onceSkin cancer is the most common cancer in the United States. Basal Call Carcinoma (BCC), Squamous Cell Carcinoma (SCC) and Malignant Melanoma are the “big three” we see on an increasingly regular basis. BCC is by far the most common type ( approximately 80% of the cases) and has the best prognosis.
Treatments for skin cancer range from surgery to radiation to prescription topical creams and pills. Each skin cancer patient is encouraged to discuss all the options available for them, reviewing the success rates, the risks, the benefits, scar potential, etc.
Basic Treatment overview
Skin cancers can be excised (cut) with a standard rim of normal tissue with a high success rate. Typically, a routine skin cancer is excised with a 4mm rim of normal tissue and that piece of tissue is submitted to the lab for examination. At the lab, the tissue is examined to make sure the entire skin cancer has been removed but also to re-examine the tissue to make sure there are no other skin cancer types or unusual features.
Excising a skin cancer in an area where taking the smallest amount of skin but ensure complete removal is “margin control”. Moh’s technique and Frozen Section are two techniques of margin control. Moh’s is a technique pioneered by Dr. Moh’s many years ago whereby the dermatologist is both the surgeon and the pathologist checking the margins. Frozen section is a technique where the dermatologist or plastic surgeon is the surgeon and a pathologist or dermatopathologist acts as the pathologist to determine if the skin cancer has been completely removed. Both of these techniques have high cure rates with the goal of limiting how much tissue is removed. These techniques are typically used in the facial area, for large tumors, recurrent tumors, unusual/ aggressive tumors, etc. Once the skin cancer has been removed using margin control, then the area is repaired with sutures. Various repair techniques are used by the surgeon such as complex layered repair, flaps and grafts. The repair is individualized to the specific defect left from removing the skin cancer.
Radiation therapy has been utilized to treat skin cancer for decades. The success rates are very high and cosmetic results are usually fantastic. The down sides include numerous visits, lack of lab confirmation that the skin cancer is gone, pigment change and hair loss at the treatment site and if surgery is needed in the future, the radiation area makes surgery more difficult. There are different types of radiation. Radiation Oncologists are radiation experts and have elaborate, powerful machines available to treat skin cancers. SRT is a superficial type of radiation available for treatment of select non-melanoma skin cancers. The SRT machine is compact and delivers a much lower dose of radiation and is becoming more common place in dermatologist’s offices around the country. There are numerous advantages to radiation for treatment of non-melanoma skin cancers such as no cutting, no bleeding, no stitches, little to no pain, excellent cosmetic results, high cure rates approaching that of surgery and the convenience of having the procedure done in the office. Cost is comparable to surgery in many cases when using the SRT mode of radiation.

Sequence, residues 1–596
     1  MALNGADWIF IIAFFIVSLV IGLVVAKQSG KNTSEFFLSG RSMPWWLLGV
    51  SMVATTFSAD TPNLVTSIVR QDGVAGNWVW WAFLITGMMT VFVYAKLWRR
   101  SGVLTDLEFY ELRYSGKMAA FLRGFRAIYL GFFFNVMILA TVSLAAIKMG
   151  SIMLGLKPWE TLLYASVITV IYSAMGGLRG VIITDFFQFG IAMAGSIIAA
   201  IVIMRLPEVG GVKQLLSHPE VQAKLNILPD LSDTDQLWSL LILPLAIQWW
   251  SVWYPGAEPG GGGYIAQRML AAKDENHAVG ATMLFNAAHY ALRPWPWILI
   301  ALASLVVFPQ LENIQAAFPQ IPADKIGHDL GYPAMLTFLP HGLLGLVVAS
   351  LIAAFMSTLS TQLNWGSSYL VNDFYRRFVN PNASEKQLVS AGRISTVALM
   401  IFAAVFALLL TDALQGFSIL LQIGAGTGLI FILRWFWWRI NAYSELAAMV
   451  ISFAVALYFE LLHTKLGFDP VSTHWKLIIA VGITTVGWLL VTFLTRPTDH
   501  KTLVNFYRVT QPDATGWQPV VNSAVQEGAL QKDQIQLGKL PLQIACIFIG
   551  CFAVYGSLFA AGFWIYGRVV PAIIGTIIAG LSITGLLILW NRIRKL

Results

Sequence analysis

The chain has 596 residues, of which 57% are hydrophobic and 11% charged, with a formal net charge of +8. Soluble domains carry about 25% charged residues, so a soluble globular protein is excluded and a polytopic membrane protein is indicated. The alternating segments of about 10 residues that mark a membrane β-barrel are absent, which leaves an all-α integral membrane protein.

Pills- Erivedge (Vismodegib) is a prescription pill now available to treat advanced BCC. It’s a once a day pill and has been very impressive in it’s success rates. The pill is not for everyone with a BCC, but it has helped many patients with numerous BCC’s who don’t want or can’t have surgery.
Creams- There are numerous prescription creams available to treat certain superficial non-melanoma skin cancers. 5-fluorouracil and Imiquimod are the generic names and they can be used in many cases to treat skin cancers and also be used as adjuncts to improve success rates by treating the area of skin where the skin cancer was treated surgically.
Every patient and every skin cancer should be treated individually to do what is best for the patient. While surgery remains the most common form of treatment, radiation, prescription creams and pills afford other options in many cases. Patients should discuss all options available to them when deciding on what modality is best for them and their particular situation. Today we have an ever expanding array of treatment options so that the patient can be intimately involved in the decision making process.